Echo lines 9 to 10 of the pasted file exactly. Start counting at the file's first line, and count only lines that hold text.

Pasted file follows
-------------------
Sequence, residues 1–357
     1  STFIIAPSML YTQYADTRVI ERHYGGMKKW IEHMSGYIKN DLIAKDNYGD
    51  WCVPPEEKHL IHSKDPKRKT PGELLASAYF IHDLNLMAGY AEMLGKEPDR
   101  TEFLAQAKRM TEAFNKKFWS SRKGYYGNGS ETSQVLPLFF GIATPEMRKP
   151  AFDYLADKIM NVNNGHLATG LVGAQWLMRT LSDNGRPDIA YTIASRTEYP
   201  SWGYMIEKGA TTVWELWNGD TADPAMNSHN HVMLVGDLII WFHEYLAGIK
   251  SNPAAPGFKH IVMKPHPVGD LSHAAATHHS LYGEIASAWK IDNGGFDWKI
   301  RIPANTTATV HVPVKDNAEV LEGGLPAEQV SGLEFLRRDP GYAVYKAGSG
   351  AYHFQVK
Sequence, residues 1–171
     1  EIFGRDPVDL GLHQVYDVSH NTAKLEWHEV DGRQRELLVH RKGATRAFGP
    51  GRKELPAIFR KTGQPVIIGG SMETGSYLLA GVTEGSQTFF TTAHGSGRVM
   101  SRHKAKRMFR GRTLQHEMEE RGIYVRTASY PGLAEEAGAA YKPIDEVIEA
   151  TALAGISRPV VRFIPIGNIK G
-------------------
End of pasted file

   351  AYHFQVK
Sequence, residues 1–171